Discover more from Just the Facts with Gerald Posner
Do you know that the National Archives just released more CIA-JFK Assassination Files?
No fanfare or headlines. No grist for conspiracies. The latest document release flew under the media radar.
A lot of readers are probably saying, “What CIA-JFK files?” That is because the National Archives did not issue a press statement about its April 27 release of an additional 355 files.
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Even many JFK assassination researchers were caught off-guard by the document dump. It took one, Fred Litwin, author of “On the Trail of Delusion,” to first spot the news and inform others.
These new files are not the top subject of a Joe Rogan podcast since they do not reveal any evidence of a conspiracy in the murder of the president. What the files do illustrate is the type of material about which the CIA has been fighting tooth and nail not to disclose to the public for nearly 60 years. Attorney Mark Zaid and I talked about some of the reasons behind the CIA’s secrecy obsession regarding the JFK files in 2021 in a Lawfare podcast. The agency battles to protect either confidential informants or foreign intelligence programs. Not very exciting for those hoping for a smoking gun proving that there was more behind the president’s murder than a 24-year-old assassin, Lee Harvey Oswald.
A detailed review of all the new files should be coming next month. I am looking forward to Professor Robert Reynolds, who knows the documents, their history, and what they mean, to write about them, probably on Max Holland’s Washington Decoded.
Until then, I am sharing some highlights from the National Archives new release. These examples show that the CIA was overly protective when it came to keeping secret information about past operations and sources. I have previously criticized the agency’s priority of putting its own concerns ahead of the public’s right to know everything related to the assassination of a president. Now, the 335 CIA-redacted documents just released by the Archives, reveal that some of the material the agency fought to keep hidden has nothing to do with the assassination. Keep in mind that with one exception, parts of these files have previously been declassified. What the National Archives did on April 27 was to make public all the words or pages that had previously been redacted.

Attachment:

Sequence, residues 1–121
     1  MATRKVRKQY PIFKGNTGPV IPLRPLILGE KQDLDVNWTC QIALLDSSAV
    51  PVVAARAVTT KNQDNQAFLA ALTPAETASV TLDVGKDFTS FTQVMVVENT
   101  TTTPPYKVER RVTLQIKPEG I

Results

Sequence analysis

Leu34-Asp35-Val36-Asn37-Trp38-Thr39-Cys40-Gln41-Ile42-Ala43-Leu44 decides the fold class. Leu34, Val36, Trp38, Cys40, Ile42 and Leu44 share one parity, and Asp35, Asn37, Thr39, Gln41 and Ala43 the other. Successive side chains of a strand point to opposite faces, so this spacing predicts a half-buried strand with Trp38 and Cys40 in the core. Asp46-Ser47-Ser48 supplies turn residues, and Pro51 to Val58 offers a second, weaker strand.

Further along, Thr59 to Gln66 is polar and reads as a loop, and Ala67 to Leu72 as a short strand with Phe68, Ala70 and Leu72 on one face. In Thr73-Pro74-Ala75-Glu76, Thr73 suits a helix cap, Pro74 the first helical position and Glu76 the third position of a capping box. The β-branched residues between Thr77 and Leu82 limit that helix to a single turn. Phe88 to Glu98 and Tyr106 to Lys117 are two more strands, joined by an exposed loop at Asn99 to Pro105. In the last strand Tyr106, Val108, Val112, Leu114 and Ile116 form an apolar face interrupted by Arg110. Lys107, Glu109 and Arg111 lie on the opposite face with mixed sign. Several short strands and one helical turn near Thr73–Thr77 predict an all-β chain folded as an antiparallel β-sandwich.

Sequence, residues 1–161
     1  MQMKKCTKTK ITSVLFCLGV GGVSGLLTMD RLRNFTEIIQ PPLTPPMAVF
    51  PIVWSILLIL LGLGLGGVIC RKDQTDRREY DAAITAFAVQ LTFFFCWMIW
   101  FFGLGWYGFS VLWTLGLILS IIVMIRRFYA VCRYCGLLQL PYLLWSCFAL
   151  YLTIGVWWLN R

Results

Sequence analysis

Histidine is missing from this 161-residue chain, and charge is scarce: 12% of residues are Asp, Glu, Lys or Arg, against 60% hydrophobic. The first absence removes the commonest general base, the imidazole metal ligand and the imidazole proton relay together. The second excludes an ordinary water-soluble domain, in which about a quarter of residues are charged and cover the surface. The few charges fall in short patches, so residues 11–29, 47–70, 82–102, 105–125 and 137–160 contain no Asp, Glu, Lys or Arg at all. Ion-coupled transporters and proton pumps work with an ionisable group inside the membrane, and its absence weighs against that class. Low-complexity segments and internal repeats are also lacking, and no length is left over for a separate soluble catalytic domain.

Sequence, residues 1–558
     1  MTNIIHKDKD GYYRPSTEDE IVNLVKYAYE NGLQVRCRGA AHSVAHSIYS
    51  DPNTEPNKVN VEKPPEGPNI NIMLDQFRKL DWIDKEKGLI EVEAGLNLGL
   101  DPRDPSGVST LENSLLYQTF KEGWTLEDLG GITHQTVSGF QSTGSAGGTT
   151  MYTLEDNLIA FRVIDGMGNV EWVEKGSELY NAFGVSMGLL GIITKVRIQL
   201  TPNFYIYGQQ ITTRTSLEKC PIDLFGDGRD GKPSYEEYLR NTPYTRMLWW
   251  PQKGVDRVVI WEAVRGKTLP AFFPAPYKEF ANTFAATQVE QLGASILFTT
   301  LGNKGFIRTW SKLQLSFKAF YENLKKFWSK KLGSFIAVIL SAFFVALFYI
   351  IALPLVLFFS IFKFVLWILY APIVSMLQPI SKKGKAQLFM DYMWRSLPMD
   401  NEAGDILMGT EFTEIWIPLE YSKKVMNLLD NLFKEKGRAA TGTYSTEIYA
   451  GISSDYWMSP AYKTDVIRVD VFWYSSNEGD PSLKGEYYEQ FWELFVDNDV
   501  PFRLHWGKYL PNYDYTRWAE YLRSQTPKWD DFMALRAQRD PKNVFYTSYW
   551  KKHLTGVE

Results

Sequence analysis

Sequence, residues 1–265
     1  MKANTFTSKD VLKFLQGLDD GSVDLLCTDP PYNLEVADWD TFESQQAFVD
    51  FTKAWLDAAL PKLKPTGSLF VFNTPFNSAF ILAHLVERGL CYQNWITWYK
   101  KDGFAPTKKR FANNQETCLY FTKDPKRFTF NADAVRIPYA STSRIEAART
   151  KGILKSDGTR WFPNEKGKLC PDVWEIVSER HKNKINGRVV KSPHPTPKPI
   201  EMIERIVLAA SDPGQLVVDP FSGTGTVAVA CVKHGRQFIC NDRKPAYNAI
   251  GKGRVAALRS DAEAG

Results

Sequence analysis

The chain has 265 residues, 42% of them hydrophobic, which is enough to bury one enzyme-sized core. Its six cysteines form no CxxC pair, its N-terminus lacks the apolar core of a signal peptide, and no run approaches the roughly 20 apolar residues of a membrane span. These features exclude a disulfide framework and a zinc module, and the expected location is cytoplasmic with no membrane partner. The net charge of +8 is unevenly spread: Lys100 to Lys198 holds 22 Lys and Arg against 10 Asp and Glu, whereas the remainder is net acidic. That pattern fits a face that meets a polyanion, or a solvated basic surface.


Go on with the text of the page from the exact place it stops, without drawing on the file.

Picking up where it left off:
One document many researchers were looking to see in full was the 1975 testimony of James Jesus Angleton, the former head of CIA’s Counterintelligence, to the Church Committee. He was the agency’s top counter-intel officer for 21 years, starting in 1954, and is a favorite suspect in many JFK assassination conspiracy theories. Angleton’s deposition was released in part in December 2017; more was made public onApril 26, 2018, and again last December 15. Only a few redactions remained. Of course, public interest and curiosity naturally focused on what was still sealed. What are they hiding, was the question I often heard?
Below are the sections or words that were kept from public view after the December 2022 document release (The red markings are mine, for ease of spotting what was hidden)
Now, the fully unredacted version released three days ago by the National Archives (yellow highlights are mine)
There is no mention of JFK or a link to the assassination. Instead, what the CIA wanted to keep secret was about a Romanian intel officer who had defected to Norway and provided a lot of information about Soviet pact activities. The CIA protected the defector by not giving his nationality, and hid that it was French and Norwegian intel that managed to break up a spy network.